Lobstering on the Edge
FEATURE- July 2011
By Sandy Lang
Photographs by Peter Frank Edwards
A few days on Monhegan, ten miles out to sea.
I’ve been looking at a 1959 National Geographic article with 14 pages of black-and-white images of Monhegan Island and captions describing how Monhegan “makes its living trapping the armor-plated delicacies of the deep.” Lobsters! I’ve visited the island before, during the summer, to hike in the woods and on the cliffside trails, but the stark scenes and images of boats and fishermen by twentieth-century Maine photographer Kosti Ruohomaa (1914–1961) make me want to return—now—and see what’s still to be found of the lobstering life.
So on a Friday morning at the end of April, just before the daily ferry trips from Port Clyde to Monhegan Island will begin for the season, we board the Laura B for the ten-and-a-half mile, hourlong crossing. Summer crowds have not yet arrived, and the passenger list, including us, consists of ten people, three dogs, and a lineup of freight to be hoisted onto the deck and tied down for the crossing. I see vintage blue- painted dining chairs, a sewing machine in its case, stacks of exterior siding, and a couple fifty-pound bags of chicken feed.
In a jacket and blue jeans, Tara Hire is sitting on one of the ferry’s outside benches that morning, and we talk a bit. She manages the island’s only grocery and mentions that she’s been onshore for three days. I ask who’s been running the store, and she tells me that the door is unlocked in the off-season and she leaves a notepad for her customers to record their purchases in. “It kind of runs itself,” she says. I would get to know that system over the following three days and nights. Hire says that she will introduce me to her husband, Kole Lord, a carpenter and seventh-generation lobsterman who was raised on the island. This is a good start. I can already see Monhegan in the distance, its rocky shore rising from the ocean. We’re getting closer. If an island can be said to have charisma, this one certainly does. In addition to photographers, writers, and vacationers, Monhegan is famous for attracting painters, including the likes of Edward Hopper, Rockwell Kent, and the Wyeths. The sea- ward cliffs are said to be higher than any in New England, and the village faces a snug harbor that is bracketed by the much smaller island of Manana. Even the Monhegan name is enticing, said to be drawn from a Native American term for “island in the sea.”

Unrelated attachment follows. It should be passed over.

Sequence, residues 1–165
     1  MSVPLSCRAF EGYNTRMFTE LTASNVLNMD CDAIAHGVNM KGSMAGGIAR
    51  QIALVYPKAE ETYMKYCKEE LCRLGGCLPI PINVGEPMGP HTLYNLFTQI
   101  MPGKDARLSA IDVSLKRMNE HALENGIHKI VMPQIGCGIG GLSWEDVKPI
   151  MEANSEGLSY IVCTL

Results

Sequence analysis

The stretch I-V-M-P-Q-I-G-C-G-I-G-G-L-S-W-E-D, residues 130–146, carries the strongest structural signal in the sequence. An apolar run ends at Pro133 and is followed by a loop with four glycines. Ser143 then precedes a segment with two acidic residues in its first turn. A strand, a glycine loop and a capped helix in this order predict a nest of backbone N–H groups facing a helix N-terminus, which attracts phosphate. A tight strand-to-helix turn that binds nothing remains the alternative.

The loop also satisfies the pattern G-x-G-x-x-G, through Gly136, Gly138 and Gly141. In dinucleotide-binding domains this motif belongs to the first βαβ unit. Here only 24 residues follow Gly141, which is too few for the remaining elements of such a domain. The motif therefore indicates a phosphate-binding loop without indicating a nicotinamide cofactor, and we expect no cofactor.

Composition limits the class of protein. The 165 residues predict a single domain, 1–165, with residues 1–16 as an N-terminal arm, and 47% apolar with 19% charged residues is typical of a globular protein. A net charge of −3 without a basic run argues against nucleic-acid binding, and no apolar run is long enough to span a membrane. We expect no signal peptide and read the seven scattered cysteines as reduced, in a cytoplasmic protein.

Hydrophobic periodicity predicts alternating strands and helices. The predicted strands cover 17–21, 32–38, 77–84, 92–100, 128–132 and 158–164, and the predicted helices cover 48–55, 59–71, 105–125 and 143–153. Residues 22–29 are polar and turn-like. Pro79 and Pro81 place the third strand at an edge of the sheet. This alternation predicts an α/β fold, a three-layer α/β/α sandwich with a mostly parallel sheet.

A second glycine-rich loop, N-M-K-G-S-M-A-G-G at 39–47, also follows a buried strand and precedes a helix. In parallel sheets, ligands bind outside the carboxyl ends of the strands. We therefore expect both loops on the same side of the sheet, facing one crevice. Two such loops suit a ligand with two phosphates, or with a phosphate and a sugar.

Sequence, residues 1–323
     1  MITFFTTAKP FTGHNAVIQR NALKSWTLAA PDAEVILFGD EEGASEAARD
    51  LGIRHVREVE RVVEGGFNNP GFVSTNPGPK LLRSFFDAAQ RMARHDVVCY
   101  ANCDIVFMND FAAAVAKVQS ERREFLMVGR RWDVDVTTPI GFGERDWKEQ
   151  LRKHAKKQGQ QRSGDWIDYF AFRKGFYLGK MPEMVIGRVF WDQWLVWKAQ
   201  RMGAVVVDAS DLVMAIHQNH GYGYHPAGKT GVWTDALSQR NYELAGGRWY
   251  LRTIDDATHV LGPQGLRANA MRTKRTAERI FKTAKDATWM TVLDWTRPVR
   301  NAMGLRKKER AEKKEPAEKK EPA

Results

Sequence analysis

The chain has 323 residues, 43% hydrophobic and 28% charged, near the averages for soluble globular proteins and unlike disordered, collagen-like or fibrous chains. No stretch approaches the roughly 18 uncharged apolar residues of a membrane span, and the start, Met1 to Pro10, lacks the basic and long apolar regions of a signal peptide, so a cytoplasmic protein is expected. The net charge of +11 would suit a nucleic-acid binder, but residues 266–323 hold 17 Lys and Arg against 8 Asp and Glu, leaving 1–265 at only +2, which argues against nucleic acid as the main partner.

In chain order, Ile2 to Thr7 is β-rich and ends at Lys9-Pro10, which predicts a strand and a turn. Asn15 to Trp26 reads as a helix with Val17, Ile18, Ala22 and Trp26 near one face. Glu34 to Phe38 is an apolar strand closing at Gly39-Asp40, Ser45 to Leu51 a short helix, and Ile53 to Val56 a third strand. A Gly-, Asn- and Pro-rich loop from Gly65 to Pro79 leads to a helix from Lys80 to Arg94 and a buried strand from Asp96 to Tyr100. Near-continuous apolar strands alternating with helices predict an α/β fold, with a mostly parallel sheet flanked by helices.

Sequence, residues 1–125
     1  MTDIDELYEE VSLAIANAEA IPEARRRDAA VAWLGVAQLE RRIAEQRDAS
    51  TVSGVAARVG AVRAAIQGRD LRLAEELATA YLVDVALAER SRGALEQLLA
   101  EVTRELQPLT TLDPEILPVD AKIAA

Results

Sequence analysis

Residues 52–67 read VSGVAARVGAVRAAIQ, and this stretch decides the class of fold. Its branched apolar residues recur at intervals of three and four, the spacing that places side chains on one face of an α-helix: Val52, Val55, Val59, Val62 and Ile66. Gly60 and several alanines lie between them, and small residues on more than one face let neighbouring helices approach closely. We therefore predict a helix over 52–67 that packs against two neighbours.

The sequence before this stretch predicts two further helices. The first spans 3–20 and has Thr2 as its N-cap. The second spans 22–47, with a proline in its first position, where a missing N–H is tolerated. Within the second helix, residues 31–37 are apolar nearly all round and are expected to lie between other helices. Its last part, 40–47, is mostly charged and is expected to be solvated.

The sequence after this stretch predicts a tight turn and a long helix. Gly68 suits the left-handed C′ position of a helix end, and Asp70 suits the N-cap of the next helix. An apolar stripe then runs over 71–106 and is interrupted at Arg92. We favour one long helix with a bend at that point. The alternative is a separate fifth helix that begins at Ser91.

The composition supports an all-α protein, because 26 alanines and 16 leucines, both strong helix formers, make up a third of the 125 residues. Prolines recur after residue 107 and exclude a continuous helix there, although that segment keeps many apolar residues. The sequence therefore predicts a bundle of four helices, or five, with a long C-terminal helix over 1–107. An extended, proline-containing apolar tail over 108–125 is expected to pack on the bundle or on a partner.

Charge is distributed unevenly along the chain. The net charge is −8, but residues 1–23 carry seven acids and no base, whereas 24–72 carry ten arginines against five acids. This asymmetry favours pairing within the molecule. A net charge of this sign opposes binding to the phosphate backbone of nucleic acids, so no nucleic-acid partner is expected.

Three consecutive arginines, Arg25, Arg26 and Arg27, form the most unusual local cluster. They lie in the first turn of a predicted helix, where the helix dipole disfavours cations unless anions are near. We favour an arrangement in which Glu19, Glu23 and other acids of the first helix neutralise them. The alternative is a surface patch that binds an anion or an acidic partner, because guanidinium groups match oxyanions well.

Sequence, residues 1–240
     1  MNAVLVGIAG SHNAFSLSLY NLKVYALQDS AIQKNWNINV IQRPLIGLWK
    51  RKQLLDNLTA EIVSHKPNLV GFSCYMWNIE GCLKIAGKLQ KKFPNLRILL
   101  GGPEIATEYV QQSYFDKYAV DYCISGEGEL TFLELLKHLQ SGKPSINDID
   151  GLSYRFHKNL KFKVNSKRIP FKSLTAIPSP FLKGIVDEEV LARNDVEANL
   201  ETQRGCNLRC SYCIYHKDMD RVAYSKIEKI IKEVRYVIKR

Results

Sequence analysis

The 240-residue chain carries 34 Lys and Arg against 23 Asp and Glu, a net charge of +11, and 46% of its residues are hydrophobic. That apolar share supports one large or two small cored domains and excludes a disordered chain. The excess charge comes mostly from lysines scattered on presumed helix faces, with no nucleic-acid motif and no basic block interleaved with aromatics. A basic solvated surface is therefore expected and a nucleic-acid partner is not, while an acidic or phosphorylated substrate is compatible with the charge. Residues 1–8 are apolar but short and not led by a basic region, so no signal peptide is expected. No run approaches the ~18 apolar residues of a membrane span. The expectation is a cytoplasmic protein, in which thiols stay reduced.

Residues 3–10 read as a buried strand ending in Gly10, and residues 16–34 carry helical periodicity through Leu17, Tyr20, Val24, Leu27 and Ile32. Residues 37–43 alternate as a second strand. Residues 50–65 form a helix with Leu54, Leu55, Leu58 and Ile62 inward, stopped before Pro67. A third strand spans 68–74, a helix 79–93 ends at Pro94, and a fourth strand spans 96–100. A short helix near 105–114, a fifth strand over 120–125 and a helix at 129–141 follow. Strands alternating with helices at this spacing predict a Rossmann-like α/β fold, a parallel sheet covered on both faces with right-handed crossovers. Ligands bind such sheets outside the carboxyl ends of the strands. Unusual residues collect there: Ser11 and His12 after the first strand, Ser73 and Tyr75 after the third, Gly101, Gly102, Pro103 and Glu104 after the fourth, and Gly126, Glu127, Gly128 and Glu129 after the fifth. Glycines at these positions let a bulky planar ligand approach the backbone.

On that April morning—while the rest of the world watches the royal wedding unfolding on the other side of the Atlantic—the 1940s-built Laura B finally chugs up to the Monhegan wharf. We all walk ashore and into a buzz of trucks with tailgates open for loading, and people hug friends they haven’t seen in a while. It’s a tight community—the island is just one-and-a-half miles long and three-quarters of a mile wide. Within minutes Hire introduces us to Lord, who’s tall and has a ready smile and a John Deere cap pulled on tight. He’s heard that I’m interested in lobsters, and he invites us to go out on his lobster boat that afternoon, when he and his cousin will be pulling traps. We make plans to meet later, and then we slide into the cab of a truck alongside Barbara Hitchcock, who’s headed up the unpaved roads to the Hitchcock House. She’s got five accommodations there— bedrooms, apartments, and a studio cabin— and we check into a two-room efficiency that overlooks the town and harbor. Sunshine has burned away the morning fog, and I step out onto the Hitchcock’s deck and breathe in the salt air.